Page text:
• Consultation forum: respondents could attend a consultation forum to provide verbal feedback on the proposals.

The department received 4754 submissions; a testament to the importance of dogs in the lives of Western Australians and the strong will of the community to end this inhumane practice.

With whom we consulted

Prior to the consultation period, the department formed the Stop Puppy Farming Implementation
Working Group (SPFIWG) to help inform the proposed policy measures. This group has been chaired
by Lisa Baker MLA and consists of representatives from a variety of stakeholder organisations.

These organisations each have a unique and important interest in the welfare and management of
dogs in Western Australia. The Government gained insights and knowledge from these stakeholders
to help inform the consultation on the proposals.

During the consultation period:

  • Representatives from the department conducted on-site interviews with several pet shops in the Perth metropolitan area. These were conducted in order to gain an insight into how the pet shop industry operates in Western Australia and evaluate the impact the proposals might have on these shops, the animals they sell, and their owners and staff.
  • Departmental representatives attended the RSPCA Million Paws Walk and WALGA WA Local Government Convention 2018, speaking with attendees, informing them of the issue and encouraging them to make a submission. The department also engaged community consultation specialists Culture Counts to survey attendees.
  • Five forums were held for community members. Two of these forums were held in the metropolitan area, in Kwinana and Stirling. The regional forums were held in Northam, Bunbury and Karratha and were attended by a mixture of dog owners, dog breeders, rangers, animal shelter employees, veterinarians and pet shop owners. These interactive sessions were conducted by departmental representatives.
  • A forum was held specifically for animal rescues and shelters, in order to further understand the ways in which these organisations may be affected by the proposals.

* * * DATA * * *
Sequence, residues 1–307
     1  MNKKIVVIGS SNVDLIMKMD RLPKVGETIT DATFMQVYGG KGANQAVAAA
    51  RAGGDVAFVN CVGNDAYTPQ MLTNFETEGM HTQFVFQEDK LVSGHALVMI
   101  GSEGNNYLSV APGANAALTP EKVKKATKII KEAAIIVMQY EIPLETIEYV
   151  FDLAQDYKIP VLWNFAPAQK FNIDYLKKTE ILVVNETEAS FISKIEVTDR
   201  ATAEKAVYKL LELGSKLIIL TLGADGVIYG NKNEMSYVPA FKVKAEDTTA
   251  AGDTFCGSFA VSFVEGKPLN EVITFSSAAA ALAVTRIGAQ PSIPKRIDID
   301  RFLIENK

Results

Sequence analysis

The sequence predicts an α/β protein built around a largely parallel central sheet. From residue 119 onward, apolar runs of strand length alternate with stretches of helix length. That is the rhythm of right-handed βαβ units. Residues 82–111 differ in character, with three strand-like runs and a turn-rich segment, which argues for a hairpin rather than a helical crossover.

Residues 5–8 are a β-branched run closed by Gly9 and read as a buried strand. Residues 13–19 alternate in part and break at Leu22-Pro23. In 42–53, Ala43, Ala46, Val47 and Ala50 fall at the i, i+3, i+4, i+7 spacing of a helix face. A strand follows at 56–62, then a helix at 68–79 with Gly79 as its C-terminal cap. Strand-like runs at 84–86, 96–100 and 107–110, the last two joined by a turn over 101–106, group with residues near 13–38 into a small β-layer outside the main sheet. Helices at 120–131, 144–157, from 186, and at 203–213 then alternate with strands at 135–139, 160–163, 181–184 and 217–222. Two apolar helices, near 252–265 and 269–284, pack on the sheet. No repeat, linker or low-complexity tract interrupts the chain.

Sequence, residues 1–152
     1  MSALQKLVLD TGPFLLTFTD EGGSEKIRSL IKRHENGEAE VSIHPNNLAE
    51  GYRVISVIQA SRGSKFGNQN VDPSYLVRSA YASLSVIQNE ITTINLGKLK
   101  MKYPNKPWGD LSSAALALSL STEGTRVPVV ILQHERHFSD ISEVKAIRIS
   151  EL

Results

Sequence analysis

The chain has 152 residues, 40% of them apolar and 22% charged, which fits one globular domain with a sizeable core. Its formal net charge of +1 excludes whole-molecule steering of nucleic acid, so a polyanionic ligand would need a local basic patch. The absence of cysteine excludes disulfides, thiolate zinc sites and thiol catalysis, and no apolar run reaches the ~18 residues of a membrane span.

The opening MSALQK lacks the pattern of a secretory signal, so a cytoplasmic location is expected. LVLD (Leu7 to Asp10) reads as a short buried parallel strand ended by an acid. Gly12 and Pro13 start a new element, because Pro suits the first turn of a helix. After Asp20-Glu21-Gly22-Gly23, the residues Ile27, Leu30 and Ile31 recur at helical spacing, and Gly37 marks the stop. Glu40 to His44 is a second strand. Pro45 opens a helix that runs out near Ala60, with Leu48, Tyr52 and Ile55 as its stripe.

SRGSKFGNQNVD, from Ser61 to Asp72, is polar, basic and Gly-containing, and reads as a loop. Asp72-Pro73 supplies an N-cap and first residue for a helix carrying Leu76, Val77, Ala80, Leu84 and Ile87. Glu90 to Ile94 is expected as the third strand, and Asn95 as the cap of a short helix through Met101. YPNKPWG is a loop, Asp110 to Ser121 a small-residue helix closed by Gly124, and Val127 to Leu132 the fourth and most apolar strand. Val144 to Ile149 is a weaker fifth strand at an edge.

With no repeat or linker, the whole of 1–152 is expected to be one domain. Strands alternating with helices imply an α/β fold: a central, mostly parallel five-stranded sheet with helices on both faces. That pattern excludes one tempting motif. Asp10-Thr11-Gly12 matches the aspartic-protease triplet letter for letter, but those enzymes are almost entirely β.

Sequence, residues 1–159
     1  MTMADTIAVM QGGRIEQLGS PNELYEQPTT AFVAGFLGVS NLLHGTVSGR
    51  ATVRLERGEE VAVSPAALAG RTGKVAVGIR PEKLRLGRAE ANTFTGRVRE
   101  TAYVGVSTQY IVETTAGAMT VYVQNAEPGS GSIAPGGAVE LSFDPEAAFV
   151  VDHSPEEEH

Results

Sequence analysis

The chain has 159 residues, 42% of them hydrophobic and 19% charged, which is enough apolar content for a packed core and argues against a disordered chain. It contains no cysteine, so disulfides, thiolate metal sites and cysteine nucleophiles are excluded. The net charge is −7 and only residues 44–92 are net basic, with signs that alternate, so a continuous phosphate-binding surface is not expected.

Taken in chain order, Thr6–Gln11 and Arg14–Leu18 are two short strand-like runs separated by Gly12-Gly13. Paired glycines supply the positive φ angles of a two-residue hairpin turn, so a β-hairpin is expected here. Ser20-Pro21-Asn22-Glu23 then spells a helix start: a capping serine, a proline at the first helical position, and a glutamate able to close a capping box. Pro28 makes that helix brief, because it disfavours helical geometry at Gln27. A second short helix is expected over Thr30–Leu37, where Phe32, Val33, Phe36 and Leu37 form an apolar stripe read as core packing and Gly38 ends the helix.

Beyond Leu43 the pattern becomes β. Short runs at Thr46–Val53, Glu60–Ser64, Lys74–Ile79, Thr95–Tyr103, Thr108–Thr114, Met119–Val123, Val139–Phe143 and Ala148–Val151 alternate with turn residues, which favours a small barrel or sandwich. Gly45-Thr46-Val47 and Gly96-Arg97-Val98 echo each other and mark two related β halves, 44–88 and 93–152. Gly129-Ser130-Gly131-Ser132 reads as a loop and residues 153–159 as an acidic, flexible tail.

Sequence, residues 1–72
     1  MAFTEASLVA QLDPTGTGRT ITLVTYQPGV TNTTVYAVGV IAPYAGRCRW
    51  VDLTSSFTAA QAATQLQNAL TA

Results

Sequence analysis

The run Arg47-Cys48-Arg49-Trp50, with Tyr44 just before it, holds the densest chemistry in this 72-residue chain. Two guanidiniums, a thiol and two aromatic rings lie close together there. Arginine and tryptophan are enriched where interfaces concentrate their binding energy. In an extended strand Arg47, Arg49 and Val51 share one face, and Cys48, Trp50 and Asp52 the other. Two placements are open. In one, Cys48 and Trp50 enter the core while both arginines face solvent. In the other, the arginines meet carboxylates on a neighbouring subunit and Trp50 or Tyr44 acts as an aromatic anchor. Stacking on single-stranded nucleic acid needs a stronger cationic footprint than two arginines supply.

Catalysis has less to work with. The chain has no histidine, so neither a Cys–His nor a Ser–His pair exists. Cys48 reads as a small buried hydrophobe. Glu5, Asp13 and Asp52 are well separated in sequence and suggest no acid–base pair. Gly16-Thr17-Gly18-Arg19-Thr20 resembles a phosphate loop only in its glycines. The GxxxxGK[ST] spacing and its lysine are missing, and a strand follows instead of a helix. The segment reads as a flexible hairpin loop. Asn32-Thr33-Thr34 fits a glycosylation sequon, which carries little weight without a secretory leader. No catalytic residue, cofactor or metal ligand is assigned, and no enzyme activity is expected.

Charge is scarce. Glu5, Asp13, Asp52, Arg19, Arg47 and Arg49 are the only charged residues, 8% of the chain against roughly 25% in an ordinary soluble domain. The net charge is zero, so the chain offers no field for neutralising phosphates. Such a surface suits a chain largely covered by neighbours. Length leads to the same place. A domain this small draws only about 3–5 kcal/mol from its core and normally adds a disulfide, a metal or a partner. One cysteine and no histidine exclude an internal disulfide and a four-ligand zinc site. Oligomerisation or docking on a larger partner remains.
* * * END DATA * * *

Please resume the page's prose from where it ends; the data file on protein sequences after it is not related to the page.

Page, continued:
• The review received a significant amount of interest from the purebred dog association, Dogs West. The department held four forums at Dogs West headquarters and these were very well attended by Dogs West members.

What we heard: Transitioning pet shops into adoption centres

Under this proposal, the Dog Act 1976 would be amended so that pet shops would only be able to source puppies and dogs from State Government accredited rescue organisations or shelters. These dogs will undergo health and behavioural assessments to ensure that they are suitable to join their new families.

Your feedback at a glance

The following depicts the results from all submissions:

  • Overall, 61% of respondents supported transitioning pet shops into adoption centres.
  • Overall, 60% of respondents indicated that they would purchase a health and behaviour checked dog from a pet shop.
  • 97% of respondents indicated that information on a dog’s vaccination and sterilisation status should be provided to a purchaser of a rescue dog at a pet shop. 94% of respondents indicated that information on a dog’s health and behaviour should be provided to a purchaser of a rescue dog at a pet shop. Written submissions also indicated that information on the background of the dog should be provided where possible, such as information on the dog’s previous owners, upbringing and rescue history.
  • A high percentage of respondents (95%) supported the proposal for pet shops that sell dogs to register with a relevant authority.
  • 77% of pet shops that currently sell dogs, indicated that the model was not feasible for their business (it is approximated that 13 pet shops sell dogs in WA).

Key themes

Some of the most common themes that were raised through comments and written submissions
included:

  • Transitioning pet shops into adoption centres will help reduce the number of unwanted dogs in rescues and pounds.
  • Pet shops should be monitored through inspections and audits to ensure they are complying with the requirement to only source dogs from accredited rescues and shelters.
  • Transitioning pet shops into adoption centres is not a feasible model. Many indicated that the model was not feasible because the ability for pet shops to do the following would be limited:
    1. guarantee the health and behaviour of rescue dogs sold at their shop,
    2. rehome dogs that rescue organisations struggle to rehome,
    3. source puppies or dogs of a particular age or breed for potential owners that are suitable to their lifestyle and requirements (currently pet shops generally sell puppies and smallbreed dogs to suit the lifestyles of their customers; such dogs may not be available from rescue organisations, or may not be provided to pet shops by rescue organisations),
    4. recover adequate revenue from the sale of rescue dogs to enable pet shops to sustain their business.
  • The introduction of this proposal could lead to an increase in the online sourcing and sale of